Vulcanization of Rubber: Definition, Properties and Applications

What is Vulcanization of rubber ?

As we know that, natural rubber is soft and sticky and becomes even more so at high temperatures and brittle at low temperatures. Also, it is not resistant to the action of organic solvents and can be easily attacked by oxidizing agents. 

So, to solve this problem, Charles Goodyear in 1839, found a process called Vulcanization, which can improve the physical and chemical properties of rubber.

Vulcanization is a process that consists of heating raw rubber with sulfur at 373-415 K temperature. Since this process is slow, therefore additives like zinc oxide are used to accelerate the rate of vulcanization.

Vulcanization of rubber

During vulcanization, sulfur bridges or cross-links between polymer chains are introduced either at their reactive allylic positions or at the sites of the double bonds. 

These cross-links make rubber hard and stronger and remove the stickiness of natural rubber because the individual chains can no longer lip over but are instead locked together in a giant size molecule.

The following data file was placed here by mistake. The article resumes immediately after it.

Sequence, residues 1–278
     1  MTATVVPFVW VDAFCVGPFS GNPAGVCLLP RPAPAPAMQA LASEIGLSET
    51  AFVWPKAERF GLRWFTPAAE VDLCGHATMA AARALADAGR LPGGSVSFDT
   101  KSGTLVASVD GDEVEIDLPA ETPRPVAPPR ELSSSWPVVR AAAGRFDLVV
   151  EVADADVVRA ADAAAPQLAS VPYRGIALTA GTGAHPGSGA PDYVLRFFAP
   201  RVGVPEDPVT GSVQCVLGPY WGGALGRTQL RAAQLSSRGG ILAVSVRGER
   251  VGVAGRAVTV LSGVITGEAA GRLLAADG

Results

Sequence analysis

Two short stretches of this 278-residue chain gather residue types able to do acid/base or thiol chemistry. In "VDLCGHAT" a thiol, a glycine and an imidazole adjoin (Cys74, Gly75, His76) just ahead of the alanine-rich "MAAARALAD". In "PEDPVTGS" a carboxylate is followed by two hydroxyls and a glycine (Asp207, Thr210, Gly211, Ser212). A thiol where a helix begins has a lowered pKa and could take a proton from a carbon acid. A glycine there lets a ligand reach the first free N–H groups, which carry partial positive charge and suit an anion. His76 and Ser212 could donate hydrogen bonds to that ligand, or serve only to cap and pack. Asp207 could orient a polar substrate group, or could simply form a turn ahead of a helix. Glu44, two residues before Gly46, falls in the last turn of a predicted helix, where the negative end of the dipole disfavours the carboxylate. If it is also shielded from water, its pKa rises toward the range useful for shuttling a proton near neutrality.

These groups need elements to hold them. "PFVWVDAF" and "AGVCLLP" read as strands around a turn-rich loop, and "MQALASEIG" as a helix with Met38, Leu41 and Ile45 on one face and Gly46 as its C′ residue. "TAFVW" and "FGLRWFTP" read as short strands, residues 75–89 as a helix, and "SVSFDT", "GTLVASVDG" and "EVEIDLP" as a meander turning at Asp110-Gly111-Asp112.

Properties of Vulcanized rubber

  1. Vulcanized rubber has excellent elasticity and a lower water absorption tendency.
  2. Vulcanized rubber is resistant to the action of organic solvents and oxidizing agents.
  3. Vulcanized rubber has a high degree of cross-linking, resulting in the high rigidity of the polymer.
  4. Vulcanized rubber has high tensile strength and high abrasion resistance.

Application of Vulcanized rubber

Applications of vulcanized rubber depend upon the amount of sulfur added.

  1. Rubber made with 1-3 % Sulphur is soft and stretchy and is used to make rubber bands.
  2. Rubber made with 3-10 % sulfur is more rigid and is used in the manufacture of tires.
  3. Rubber made with 20-25 % Sulphur is used for making ebonite.
  4. Rubber made with 30% sulfur is used for making battery case rubber.

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